From small things: mitochondrial research
Once the preserve of cell biology textbooks at medical school, mitochondria are now finding their way into all sorts of clinical practice, as Toby Reynolds explains
What links Parkinson's disease, exercise intolerance, diabetes, and organ failure in sepsis? Anything common to such a disparate group would need to be quite fundamental, and there aren't many things more elementary than generating the energy needed to stay alive. This is the job of the mitochondrion—the dynamo of the cell—and recent research indicates that it contributes to a wide range of diseases.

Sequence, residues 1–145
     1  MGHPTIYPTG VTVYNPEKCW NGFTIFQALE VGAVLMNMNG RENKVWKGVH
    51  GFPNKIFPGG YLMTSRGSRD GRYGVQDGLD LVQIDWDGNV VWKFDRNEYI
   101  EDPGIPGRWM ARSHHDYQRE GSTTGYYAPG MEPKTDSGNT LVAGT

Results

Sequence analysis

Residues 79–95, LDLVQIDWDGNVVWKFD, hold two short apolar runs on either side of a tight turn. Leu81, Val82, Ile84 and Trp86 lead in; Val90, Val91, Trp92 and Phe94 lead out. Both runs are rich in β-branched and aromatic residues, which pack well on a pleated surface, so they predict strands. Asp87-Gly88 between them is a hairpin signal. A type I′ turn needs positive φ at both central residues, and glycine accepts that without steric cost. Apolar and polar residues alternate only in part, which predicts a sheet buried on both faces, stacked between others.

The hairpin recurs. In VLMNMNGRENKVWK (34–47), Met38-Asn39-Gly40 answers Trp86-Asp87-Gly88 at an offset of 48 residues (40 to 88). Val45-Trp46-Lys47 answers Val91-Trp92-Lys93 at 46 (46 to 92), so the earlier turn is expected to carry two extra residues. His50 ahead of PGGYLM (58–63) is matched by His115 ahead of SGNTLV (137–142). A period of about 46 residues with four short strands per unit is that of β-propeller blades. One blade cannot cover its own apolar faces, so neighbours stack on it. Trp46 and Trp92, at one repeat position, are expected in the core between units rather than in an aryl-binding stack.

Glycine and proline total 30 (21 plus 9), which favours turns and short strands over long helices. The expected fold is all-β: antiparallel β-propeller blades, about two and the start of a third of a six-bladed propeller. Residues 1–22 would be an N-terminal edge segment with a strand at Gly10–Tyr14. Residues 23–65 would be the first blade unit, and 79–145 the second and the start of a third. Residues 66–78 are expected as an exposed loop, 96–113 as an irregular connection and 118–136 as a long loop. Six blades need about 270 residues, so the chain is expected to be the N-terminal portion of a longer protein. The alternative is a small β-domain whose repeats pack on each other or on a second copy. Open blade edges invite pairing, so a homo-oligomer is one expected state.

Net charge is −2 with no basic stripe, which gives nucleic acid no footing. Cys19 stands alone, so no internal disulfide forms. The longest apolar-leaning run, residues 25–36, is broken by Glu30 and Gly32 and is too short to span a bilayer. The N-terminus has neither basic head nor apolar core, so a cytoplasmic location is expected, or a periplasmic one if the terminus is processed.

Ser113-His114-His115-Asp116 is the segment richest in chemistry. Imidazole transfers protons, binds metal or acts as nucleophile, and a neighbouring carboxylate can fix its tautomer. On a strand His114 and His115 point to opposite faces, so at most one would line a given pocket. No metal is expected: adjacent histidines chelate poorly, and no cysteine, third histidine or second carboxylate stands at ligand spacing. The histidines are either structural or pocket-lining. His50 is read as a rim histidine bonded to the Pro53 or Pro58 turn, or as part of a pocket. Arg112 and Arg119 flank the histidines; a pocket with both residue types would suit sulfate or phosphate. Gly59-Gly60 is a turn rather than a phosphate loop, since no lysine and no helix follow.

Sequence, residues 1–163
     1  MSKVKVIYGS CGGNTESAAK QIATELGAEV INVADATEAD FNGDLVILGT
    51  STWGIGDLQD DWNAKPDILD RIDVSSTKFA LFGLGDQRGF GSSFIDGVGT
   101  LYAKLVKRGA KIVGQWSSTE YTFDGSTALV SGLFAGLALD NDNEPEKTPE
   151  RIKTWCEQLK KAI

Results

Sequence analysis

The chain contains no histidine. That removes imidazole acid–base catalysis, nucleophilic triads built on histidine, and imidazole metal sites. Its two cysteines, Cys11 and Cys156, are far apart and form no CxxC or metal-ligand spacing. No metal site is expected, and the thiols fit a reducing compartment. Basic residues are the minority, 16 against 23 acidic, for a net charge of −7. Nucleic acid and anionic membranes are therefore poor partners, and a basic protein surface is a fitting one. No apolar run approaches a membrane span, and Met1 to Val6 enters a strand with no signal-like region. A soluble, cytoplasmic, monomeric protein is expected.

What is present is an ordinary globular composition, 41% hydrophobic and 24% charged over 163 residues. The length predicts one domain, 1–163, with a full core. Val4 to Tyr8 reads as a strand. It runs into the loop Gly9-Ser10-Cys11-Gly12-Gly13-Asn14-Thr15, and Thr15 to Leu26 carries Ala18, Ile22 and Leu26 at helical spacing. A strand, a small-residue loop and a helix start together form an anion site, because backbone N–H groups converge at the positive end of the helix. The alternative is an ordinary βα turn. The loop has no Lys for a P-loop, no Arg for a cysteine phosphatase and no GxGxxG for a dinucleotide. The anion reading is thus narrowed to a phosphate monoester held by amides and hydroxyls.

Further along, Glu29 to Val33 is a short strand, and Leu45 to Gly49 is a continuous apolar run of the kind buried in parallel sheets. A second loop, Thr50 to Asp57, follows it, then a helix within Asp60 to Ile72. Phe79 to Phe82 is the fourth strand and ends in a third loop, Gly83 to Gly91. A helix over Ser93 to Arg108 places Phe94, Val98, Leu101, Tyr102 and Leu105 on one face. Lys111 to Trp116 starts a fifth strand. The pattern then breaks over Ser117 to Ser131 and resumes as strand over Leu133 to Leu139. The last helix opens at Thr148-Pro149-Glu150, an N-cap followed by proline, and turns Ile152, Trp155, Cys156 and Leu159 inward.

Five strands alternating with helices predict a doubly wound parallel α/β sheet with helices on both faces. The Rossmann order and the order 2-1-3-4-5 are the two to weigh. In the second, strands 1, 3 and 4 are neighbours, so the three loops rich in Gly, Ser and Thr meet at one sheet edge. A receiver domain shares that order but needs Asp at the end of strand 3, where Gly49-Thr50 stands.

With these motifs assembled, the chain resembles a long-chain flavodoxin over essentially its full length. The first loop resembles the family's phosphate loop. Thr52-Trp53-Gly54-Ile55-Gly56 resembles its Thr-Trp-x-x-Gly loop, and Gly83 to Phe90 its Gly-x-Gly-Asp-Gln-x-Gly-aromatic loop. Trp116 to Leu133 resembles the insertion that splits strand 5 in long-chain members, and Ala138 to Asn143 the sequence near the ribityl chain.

Mitochondria are thought to have started off as free living prokaryotes that were engulfed by the ancestors of modern nucleated cells millions of years ago. One of the features hinting at their previous lives is that they have retained some of their own DNA.
Although the role of these tiny intracellular organelles is vital, their relevance to clinical practice has often seemed obscure. Cell biologists worked out how mitochondria make energy four decades ago. Since then medical students have had to trace out how, after a glucose